A reflection on the past two years


Dear MetroNorth Chamber,

Because I’ve been out of the country for most of this month, instead of trying to rush an interview and turn around a post, I thought this would be a perfect opportunity to talk a little bit about myself and what the chamber has come to mean to me.

First off, you may be wondering, “Where did you go?” Well, I’ve been traveling through South Korea and Japan this February with my husband. My best friend lives in South Korea, and the two of us have always wanted to go to Japan. So, we decided to go all out and make it the trip of our dreams. Why Japan? I think it’s always been special to me. I’m a millennial after all; whether we realized it or not, our childhood was heavily influenced by Japanese things. Pokémon, Nintendo, Tamagotchi, Dragon Ball Z, Naruto, Power Rangers, and to some extent, Transformers, all hail from the land of the rising sun. When I was in high school I used to love practicing writing characters with a friend of mine who was trying to teach herself Japanese. And now that I’m older, I find myself even more drawn to Japanese style storytelling and their culture.

Levi, Amy and Nancy standing on a bridge in Osaka

Levi (my husband), myself (middle), and my best friend Nancy in Osaka, Japan. Asia is best appreciated at night.

The idea to do “Tales from the MetroNorth Chamber” was straight out of Angie’s brain. I suppose that comes as no surprise for those of you who know her. I remember a few years ago Angie telling me that after trying out many networking groups, she finally joined MetroNorth. “They’re not like the others,” I remember her saying. “Some of the ones I’ve been to are so stuffy and impersonal. But MetroNorth…well, they’ve got lots of characters.” And it was maybe a year or so later Angie hatched her great plan. We’d interview different people in the chamber and spotlight them on our blog. And so, I met with Meg Chiodo two years ago at a Starbucks not too far from where I lived. I was so nervous. What if I couldn’t think of the right questions? What if there was one of those long awkward pauses which always seem to pop up in the middle of making small talk at a party?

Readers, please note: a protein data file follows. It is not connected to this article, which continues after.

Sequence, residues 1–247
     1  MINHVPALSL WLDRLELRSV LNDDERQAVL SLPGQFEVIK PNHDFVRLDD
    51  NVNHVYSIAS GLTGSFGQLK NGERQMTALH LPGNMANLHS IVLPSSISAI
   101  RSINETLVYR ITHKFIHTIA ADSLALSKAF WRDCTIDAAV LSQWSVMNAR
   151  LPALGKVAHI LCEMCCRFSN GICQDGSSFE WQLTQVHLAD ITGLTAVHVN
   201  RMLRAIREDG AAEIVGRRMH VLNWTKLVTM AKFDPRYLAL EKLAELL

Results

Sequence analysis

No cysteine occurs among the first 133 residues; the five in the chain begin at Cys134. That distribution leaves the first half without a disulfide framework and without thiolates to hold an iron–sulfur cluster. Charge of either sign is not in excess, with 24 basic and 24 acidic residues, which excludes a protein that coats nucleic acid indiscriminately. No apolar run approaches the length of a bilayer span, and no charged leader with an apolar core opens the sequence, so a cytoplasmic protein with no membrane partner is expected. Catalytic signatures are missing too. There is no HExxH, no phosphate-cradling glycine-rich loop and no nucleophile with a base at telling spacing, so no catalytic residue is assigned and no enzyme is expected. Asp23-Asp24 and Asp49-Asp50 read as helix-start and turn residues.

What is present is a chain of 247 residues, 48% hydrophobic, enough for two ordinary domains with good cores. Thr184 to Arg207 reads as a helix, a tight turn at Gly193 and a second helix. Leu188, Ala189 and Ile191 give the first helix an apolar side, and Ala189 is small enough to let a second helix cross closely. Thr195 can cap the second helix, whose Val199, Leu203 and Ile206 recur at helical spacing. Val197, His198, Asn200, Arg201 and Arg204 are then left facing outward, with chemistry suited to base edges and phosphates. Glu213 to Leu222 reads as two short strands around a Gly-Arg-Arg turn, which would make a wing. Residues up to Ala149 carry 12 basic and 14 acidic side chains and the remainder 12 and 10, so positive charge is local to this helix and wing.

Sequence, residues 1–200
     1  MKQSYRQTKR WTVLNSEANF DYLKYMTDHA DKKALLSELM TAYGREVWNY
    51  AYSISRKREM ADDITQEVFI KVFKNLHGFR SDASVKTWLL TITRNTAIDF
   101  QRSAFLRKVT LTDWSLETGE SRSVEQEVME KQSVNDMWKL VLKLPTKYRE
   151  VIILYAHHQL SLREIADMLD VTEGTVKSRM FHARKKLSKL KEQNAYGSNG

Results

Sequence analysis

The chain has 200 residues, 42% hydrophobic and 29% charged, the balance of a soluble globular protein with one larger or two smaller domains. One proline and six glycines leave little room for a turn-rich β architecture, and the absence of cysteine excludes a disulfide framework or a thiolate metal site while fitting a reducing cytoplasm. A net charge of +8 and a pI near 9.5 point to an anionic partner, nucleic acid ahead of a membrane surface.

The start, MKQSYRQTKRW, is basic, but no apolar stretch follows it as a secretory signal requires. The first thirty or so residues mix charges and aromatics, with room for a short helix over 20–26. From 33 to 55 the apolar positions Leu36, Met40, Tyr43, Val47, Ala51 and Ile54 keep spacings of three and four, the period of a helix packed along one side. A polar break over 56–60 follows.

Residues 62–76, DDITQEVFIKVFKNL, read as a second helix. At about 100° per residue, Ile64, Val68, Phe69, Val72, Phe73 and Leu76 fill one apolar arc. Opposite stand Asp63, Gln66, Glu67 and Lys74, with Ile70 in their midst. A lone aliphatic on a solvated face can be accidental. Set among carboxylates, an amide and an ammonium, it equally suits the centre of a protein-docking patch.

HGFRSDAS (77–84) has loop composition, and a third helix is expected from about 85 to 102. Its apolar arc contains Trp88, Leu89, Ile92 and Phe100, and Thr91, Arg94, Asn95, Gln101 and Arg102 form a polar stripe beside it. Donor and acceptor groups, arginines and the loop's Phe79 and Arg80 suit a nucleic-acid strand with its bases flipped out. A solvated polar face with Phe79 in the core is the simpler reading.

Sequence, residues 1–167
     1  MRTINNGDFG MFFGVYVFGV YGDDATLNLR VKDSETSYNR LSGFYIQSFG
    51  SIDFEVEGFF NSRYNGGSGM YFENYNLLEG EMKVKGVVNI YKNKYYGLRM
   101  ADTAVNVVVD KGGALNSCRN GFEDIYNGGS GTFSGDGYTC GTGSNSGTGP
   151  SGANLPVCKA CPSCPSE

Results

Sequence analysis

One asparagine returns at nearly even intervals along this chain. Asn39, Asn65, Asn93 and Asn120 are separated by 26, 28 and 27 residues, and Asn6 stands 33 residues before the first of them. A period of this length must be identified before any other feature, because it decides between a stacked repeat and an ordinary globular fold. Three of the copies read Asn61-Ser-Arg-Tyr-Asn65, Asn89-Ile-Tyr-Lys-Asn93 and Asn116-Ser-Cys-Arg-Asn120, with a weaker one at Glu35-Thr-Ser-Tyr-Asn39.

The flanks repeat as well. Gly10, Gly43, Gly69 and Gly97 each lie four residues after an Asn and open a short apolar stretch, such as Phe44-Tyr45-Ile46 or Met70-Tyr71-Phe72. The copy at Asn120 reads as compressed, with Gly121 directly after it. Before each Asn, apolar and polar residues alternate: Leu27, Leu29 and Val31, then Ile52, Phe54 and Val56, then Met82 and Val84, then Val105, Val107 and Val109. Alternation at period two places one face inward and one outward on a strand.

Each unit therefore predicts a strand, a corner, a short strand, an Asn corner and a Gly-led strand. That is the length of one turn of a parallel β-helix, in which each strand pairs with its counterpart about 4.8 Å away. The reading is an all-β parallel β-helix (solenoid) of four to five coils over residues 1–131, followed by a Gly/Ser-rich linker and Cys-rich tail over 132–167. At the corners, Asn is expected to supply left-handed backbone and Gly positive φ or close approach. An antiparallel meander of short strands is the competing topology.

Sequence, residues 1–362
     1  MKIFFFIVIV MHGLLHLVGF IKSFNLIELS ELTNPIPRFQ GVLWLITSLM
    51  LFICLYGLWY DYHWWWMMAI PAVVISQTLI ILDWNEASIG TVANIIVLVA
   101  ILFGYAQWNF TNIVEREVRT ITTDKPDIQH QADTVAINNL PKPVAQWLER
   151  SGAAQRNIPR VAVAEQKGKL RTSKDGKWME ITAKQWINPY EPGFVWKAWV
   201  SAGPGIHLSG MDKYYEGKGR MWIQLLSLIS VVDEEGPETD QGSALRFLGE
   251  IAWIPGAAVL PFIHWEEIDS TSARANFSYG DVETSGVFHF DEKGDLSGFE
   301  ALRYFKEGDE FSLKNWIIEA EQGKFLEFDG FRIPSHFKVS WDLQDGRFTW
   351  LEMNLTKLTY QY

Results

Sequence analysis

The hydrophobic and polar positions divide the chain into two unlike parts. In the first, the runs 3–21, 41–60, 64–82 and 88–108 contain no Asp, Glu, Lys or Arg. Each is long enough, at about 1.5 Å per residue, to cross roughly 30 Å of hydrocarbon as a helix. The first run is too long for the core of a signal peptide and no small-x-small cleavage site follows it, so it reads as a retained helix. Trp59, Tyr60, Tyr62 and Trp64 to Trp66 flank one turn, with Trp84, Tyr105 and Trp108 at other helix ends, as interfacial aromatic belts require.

Fortunately for me, Meg couldn’t have been a more perfect person to be our first spotlight. If you know Meg, then you know how outgoing, warm and friendly she is. We hit it off right away, and all my worries proved to be unfounded. I had a great time, and I ended up having a lot of notes to use in our first article.

From there, I began to look forward to my monthly interview. Who was Angie going to set me up with? What would they be like? I suppose that sounds a bit like a blind date, but in a lot of ways, doing an interview is a lot like a blind date. There’s the moment where you walk into whatever restaurant or coffee shop you’re meeting at, hoping to spot a person you’ve never seen before. Then there’s the quick introduction before coffee or food is purchased, and from there, you strive to learn something about the person you’re talking to. Talking about work is usually easy for people, but what else in their life brings them joy? For Kari Hefnider, it’s rescue dogs and raising awareness for breast cancer. For Dick Fisher, it’s spending time in Arizona. For Jim Kugler, it’s doing events with the Lions Club.